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Stop the Saucer Pass, Start the Slip Pass

By Ian Taylor, OMHA Executive Director, 11/06/20, 1:30PM EST

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Video Coach | Presented by CoachThem

Completing a pass to a teammate can be tough when the defender has their stick blocking the passing lane. Like any skill, it takes practice and a certain softness to get the puck exactly in the spot you want it to end up.

In this edition, we look at the Slip Pass - a pass placed between the defender’s stick and skates – and why this pass is a valuable problem-solving skill and an alternative to the saucer pass as defenders aim to limit time and space of attacking players.

Welcome to OMHA Video Coach where we review a video clip from game action and then break down the sequence into frames identifying key skills, individual and team tactics, strategy and hockey IQ. Video is a great teaching tool that can be used by both players and coaches.

  • BOS43 picks the puck up on the wall and reads pressure and available support
  • He crosses over to get off the wall and get to the dotline in order to have multiple attack options.
  • PHI have good numbers back and control the middle ice between the dots
  • BOS43 & BOS13 identify this & attack the immediate 2v1 opportunity they have against PHI59
  • BOS43 gets to the dotline and slows slightly as he crosses the blueline - this pulls PHI59 towards him
  • This delay also gives BOS13 the opportunity to hit the blueline with speed
  • PHI59 has good stick position – extended and taking away the passing lane
  • While PHI still has good numbers, PHI14 hasn’t closed the gap and on BOS13 and doesn’t match his acceleration into the zone.
  • BOS43 & BOS13 to continue to target mismatch on PHI59
  • The delay by BOS43 causes PHI59 to step towards the puck carrier and creates a false-gap
  • BOS13 drives the middle lane and PHI14 is late to react
  • PHI59 is now caught flat footed between the two attackers
  • With PHI59 shading towards the puck, his partner, PHI8 fails to pull to the middle of the ice to maintain spacing and fill space that BOS13 is attacking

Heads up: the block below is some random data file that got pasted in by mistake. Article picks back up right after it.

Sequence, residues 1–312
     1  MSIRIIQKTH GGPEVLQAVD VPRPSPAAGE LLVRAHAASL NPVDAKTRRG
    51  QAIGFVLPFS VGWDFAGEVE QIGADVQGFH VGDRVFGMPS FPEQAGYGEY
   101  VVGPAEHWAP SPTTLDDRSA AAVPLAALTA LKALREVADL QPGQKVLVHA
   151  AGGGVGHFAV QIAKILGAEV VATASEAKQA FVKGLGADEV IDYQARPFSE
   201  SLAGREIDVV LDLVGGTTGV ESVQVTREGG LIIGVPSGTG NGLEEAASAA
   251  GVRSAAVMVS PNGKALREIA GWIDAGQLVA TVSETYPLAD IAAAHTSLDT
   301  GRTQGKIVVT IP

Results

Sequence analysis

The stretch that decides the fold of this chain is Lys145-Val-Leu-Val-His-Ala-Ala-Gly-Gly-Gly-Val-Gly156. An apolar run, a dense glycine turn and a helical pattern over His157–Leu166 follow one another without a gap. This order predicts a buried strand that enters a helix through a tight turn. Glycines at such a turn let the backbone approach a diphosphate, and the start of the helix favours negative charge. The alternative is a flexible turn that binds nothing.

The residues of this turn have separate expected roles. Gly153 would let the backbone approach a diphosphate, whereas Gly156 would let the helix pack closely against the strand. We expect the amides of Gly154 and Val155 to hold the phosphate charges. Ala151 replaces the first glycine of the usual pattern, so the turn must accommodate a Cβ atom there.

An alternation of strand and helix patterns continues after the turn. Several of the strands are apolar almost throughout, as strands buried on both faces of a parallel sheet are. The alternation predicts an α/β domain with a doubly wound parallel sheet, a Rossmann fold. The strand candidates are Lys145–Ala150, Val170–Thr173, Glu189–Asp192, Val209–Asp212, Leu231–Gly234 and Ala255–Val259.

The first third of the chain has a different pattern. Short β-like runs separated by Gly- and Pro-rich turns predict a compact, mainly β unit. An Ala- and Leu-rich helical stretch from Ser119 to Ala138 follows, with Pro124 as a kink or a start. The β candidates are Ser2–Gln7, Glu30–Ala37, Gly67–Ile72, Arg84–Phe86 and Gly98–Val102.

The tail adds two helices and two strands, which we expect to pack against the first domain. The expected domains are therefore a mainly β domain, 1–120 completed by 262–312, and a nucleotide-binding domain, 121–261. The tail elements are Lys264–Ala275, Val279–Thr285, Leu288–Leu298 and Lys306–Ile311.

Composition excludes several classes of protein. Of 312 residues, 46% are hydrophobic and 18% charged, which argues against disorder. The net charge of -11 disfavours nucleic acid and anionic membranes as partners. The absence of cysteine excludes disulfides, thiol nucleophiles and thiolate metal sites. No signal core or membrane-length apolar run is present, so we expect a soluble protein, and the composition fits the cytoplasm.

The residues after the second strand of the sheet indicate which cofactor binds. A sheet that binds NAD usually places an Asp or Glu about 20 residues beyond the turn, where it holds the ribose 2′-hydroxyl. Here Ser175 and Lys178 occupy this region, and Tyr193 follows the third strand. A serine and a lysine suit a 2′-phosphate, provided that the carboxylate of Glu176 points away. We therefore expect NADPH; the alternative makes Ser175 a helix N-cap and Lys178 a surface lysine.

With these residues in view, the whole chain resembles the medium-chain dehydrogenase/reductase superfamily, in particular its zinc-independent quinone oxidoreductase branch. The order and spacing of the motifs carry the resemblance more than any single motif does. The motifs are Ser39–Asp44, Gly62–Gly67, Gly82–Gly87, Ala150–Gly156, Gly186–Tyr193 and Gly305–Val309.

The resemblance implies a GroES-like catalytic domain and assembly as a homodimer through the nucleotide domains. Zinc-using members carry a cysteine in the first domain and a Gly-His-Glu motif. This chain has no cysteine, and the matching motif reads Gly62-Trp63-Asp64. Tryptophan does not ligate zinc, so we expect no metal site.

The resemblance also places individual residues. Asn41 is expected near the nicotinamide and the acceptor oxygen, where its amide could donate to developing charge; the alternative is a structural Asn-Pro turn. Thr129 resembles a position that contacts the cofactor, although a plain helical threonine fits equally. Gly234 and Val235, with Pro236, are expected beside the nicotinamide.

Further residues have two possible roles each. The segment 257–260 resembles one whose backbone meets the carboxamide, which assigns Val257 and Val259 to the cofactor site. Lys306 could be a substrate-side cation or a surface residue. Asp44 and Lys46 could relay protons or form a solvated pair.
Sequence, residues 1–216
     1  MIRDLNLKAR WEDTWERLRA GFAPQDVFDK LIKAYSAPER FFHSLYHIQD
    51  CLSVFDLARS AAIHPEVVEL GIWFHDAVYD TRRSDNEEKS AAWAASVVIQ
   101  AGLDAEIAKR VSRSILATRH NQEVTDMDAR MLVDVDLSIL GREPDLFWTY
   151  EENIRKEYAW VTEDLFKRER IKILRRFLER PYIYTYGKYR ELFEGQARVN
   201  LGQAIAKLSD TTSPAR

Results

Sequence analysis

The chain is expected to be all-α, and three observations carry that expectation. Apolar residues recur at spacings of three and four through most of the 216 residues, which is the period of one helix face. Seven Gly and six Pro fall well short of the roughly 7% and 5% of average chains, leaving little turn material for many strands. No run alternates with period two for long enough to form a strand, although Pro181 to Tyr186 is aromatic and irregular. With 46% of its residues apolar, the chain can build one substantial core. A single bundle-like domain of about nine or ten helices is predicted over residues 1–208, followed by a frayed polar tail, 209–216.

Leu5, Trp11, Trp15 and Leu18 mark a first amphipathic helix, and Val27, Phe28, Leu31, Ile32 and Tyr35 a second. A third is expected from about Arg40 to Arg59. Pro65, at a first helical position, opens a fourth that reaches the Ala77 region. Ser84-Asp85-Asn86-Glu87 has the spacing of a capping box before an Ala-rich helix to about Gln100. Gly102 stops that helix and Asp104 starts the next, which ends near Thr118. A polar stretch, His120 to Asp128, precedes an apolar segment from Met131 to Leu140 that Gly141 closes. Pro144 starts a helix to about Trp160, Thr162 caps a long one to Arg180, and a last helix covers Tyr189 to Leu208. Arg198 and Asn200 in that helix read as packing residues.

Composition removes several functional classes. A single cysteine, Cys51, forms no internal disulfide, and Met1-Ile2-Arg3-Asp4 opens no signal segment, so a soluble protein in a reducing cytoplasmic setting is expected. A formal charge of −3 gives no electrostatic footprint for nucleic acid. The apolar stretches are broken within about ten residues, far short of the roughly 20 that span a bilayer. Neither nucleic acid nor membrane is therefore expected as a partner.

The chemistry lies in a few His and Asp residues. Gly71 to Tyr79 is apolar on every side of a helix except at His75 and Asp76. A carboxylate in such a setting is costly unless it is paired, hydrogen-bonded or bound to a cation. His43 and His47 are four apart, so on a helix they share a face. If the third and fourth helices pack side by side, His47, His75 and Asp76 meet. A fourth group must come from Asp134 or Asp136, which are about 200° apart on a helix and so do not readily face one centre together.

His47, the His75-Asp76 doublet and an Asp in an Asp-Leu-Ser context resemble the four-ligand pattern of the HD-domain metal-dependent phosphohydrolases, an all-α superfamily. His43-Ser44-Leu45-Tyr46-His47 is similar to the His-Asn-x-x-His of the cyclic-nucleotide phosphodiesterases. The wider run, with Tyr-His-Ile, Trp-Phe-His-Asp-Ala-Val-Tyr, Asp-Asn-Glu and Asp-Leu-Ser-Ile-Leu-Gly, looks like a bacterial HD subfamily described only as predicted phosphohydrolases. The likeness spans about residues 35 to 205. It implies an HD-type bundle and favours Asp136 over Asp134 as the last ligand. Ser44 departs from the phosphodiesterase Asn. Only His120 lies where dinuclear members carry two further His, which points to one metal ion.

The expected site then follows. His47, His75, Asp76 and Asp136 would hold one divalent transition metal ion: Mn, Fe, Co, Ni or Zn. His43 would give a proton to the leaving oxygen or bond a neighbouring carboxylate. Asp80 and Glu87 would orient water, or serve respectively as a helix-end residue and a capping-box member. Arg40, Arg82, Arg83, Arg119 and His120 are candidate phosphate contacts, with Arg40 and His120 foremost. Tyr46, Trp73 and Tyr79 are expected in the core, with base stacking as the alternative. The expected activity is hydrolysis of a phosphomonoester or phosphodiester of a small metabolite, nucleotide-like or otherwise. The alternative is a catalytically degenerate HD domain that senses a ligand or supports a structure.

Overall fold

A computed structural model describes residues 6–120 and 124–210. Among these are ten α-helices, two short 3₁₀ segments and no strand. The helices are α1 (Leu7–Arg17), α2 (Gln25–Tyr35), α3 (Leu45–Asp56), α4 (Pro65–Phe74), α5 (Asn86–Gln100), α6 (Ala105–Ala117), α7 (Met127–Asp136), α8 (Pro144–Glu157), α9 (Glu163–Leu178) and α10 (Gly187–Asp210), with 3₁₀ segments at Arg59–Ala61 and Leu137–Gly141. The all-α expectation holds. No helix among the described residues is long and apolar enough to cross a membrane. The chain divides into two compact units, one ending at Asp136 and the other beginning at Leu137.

• PHI59 extends his stick again to get stick on puck and this opens up the space between the defenders stick and skates
  • BOS43 waits for this and executes the slip pass
  • PHI14 still is gliding and PHI8 has still not shaded across
  • The breakdown is complete through a  simple but perfectly timed pass
  • This gives BOS13 an open corridor to attack the net
  • PHI8 finally moves to take away space but he is nowhere close and PHI14 watches BOS13 drive away from him.

Draw Drills, Plan Practices

One of a coach’s most valuable tools is their coaching board. With CoachThem, coaches can design drills and create practice plans right on their device and save them. Collaborating and sharing with out coaches has never been easier. Tag your drills, create descriptions of how they are run and emphasize the key points. CoachThem is a collaborative tool to make everyone better. Download CoachThem now.
  • A closer look at BOS43 attacking the dotline causes PHI59 to shift inside the dots and his weight shifts to his left (inside) skate
  • Once he gets to the dotline, BOS43 immediately pushes off his left skate to drive outside the dotline again
  • BOS13 sees this and identifies the space he will attack on entry
  • BOS43’s shift pulls PHI59 across with him as the defender pushes off his left skate 
  • PHI59 does maintain good stick position to take away space and immediate passing lane
  • BOS43 has slowed 
  • PHI59 is now braking with his right foot and he realizes he is in ‘no man’s land’ and he starts to lunge forward to force the puck carrier
  • BOS43 has now set the trap
  • As PHI59 extends his stick the passing lane opens up and BOS43 executes the slip pass under the stick and in front of his skates 
  • BOS13’s quick & close support pays off and he has a clear path to the net.

The slip pass in this sequence is a simply executed 10 foot pass – but the ability to identify the 2v1, control skating, attack open ice and manipulate the defender provide the special blend of skills to create a scoring opportunity and in this case, a goal.


Pass Through Stick Triangle

To execute this skill players will need to use speed and deception to create time and space for themselves. Coaches should focus on good, flat tape-to-tape passes, speed when entering the zone and game-like intensity. In both drills, the slip-pass is the ideal skill to be used to beat the defender, however, players should read the situation and how the defender is playing the situation and choose alternative options if that pass it not available.

  • Drill starts on coaches whistle.
  • X and X take 2-3 hard strides and X passes the puck to X before the blueline.
  • X enters the zone wide with speed. X then delivers a pass to X underneath the stick of the attack triangle. X finishes the drill with a shot on goal.
  • Drill starts on coaches whistle.
  • D takes 2-3 backward strides and exchanges a one-touch pass with F1. Once the puck returns to F1, both they and F2 take 2-3 hard strides and F1 kicks the puck outside before the blueline.
  • F2 enters the zone with speed wide, driving the D back and then executes a pass under the triangle of the D's stick to F1 who finishes the drill with a shot on goal.

Find this drill in the OMHA Drill Share Group on CoachThem.

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ABOUT THE AUTHOR

Ian Taylor is the Executive Director of the OMHA and former Director of Hockey Development. A proud hockey dad of two, Ian has over 25 years of instructional and coaching experience.

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